Poaching, Demand for Meat Threaten Endangered Tortoises in Mandya District

Poaching, Demand for Meat Threaten Endangered Tortoises in Mandya District

MYSURU: The Muthathi forest range, Induvalu and K Shettahalli ranges in Mandya district have become the favourite spots for killer poachers and tortoise meat lovers.

The growing demand for tortoise meat locally is making poachers increasingly hunt down these endangered species, pushing them to the brink of extinction.

When contacted, forest officials spoke of their helplessness to tackle the menace due to the shortage of staff. Medium-sized tortoises weighing around 3 kg are found abundantly in these forest regions, and are most sought after for their taste and perceived medicinal value.

Poachers hunt wild tortoises found in ponds, canals and banks of the rivers, kill them and grill the meat on the fire and sell it to visitors. Alternatively, they sell the meat to the resorts they are tied up with as it fetches good money. These tortoises emit a peculiar odour, which can be smelt even at a distance of 100 metres. Tracking this scent, poachers hunt down the tortoises.  A senior forest officer, who did not wish to be named, told Express that a few years ago they had arrested poachers at Srirangapatna and seized 200 tortoises from them.

The poachers would divert the river water into the huge potholes created by sand dredgers along the river Cauvery in Srirangapatna and lure the tortoises with animal waste, which is their primary diet, the officer said.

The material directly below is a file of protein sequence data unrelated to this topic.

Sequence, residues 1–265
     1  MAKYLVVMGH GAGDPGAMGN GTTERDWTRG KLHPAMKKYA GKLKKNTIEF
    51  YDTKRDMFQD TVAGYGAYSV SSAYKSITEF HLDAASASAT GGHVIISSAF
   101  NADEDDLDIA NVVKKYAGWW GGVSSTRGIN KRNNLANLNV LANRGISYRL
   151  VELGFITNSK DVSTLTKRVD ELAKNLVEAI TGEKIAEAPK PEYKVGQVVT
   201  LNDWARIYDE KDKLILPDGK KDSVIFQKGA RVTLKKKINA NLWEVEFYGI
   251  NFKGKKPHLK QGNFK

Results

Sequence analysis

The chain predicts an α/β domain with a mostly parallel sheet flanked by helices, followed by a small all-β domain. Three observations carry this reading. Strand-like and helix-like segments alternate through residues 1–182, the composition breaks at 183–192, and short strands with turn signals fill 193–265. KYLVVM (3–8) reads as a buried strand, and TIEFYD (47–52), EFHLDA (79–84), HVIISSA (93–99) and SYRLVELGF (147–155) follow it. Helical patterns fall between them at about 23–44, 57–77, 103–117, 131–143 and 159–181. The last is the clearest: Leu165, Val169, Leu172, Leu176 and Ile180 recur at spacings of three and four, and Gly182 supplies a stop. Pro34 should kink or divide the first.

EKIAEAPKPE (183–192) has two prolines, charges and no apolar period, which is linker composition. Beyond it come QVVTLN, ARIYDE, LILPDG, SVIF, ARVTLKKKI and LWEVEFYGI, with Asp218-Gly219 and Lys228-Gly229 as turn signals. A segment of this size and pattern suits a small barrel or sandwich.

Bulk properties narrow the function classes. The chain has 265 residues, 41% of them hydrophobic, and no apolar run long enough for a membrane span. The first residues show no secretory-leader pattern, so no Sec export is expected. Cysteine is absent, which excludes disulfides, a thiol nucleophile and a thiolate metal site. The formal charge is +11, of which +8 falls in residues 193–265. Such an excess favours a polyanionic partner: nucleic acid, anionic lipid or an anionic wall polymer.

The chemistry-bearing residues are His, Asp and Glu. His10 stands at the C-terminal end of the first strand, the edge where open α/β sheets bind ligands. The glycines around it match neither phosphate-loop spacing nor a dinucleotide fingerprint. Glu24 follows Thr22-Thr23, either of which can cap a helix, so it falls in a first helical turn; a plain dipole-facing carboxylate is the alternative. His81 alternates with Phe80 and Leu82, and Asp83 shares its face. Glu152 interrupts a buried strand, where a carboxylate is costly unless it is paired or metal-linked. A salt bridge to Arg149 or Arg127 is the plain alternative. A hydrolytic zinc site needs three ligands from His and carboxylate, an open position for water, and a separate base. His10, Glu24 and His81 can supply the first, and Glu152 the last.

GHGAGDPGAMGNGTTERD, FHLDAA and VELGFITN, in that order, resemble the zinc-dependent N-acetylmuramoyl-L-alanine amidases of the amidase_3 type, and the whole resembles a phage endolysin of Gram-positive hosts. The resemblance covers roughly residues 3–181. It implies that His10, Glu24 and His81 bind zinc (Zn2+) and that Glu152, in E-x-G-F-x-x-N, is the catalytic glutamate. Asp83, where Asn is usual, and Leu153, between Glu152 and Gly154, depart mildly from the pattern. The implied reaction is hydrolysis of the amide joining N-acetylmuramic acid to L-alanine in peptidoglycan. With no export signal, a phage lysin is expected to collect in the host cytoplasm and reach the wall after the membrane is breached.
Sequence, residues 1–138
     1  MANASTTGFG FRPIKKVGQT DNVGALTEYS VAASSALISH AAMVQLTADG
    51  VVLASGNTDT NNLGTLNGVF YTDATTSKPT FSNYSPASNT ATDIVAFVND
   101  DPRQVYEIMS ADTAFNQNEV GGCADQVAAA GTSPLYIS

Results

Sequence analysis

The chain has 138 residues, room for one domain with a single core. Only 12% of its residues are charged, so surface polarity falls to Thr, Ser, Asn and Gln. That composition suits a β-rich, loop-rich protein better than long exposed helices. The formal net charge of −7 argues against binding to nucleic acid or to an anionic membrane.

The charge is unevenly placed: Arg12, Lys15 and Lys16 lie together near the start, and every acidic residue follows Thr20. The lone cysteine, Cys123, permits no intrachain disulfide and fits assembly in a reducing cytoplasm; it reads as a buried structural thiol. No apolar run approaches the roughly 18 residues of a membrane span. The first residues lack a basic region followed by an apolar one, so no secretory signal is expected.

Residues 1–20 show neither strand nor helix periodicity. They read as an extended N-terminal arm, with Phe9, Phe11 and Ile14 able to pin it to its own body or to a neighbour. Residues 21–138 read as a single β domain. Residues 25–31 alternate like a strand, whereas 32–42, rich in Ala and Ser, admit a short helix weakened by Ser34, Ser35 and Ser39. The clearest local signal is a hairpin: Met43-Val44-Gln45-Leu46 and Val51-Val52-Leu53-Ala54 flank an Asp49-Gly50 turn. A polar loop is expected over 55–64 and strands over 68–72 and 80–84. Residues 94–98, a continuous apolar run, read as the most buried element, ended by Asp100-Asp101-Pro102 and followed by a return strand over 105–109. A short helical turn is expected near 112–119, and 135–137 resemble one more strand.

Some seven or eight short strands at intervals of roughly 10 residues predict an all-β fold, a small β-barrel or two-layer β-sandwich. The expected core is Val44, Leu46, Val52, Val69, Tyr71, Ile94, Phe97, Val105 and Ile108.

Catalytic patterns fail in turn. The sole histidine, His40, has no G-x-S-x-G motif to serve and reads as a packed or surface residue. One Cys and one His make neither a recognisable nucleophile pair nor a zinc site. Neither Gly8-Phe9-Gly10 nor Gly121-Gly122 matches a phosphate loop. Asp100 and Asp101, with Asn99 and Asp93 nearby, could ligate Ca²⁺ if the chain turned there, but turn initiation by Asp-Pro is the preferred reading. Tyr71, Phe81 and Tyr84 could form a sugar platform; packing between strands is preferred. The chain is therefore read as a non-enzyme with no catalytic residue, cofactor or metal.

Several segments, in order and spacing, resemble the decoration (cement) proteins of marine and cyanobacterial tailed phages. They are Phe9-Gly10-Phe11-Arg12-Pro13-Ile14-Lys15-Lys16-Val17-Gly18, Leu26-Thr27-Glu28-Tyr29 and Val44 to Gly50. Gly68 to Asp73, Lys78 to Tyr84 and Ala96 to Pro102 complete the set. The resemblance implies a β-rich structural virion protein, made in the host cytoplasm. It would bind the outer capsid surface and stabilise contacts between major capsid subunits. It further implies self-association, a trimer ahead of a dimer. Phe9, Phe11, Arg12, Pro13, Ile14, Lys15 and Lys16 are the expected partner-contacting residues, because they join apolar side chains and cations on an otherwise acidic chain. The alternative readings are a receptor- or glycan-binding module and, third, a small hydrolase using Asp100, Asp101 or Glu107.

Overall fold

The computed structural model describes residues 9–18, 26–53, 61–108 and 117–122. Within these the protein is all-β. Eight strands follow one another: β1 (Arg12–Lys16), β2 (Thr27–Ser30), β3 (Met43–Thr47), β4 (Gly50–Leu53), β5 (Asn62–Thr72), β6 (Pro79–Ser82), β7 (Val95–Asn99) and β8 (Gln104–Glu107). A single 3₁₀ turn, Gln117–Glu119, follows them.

DCF Vasanth Reddy of Muthathi forest range said that appropriate action will be taken against the culprits.

Mandya DFO Ramalinge Gowda said, “Watchers have been deputed at Induvalu and we are looking into the issue. The photos we have got clearly indicate that it was the flesh of a tortoise, but we could not identify the species as the tortoise was completely burnt.”

He said that it has become easy for poachers to sneak in and hunt tortoises as there are several paddy fields in the vicinity of the Induvalu forest range.

Indian Fresh Water Terrapins: D Rajkumar of the Wildlife Conservation Foundation said the Indian fresh water terrapins are found commonly throughout India. Included under the Wildlife Protection Act and classified as near-threatened in the IUCN (International Union for Conservation of Nature and Natural Resources) red list, the tortoises are particularly threatened by hunting.

“Hunted for their soft meat, tortoises are  sold in the market also for their aphrodisiac properties,” he said.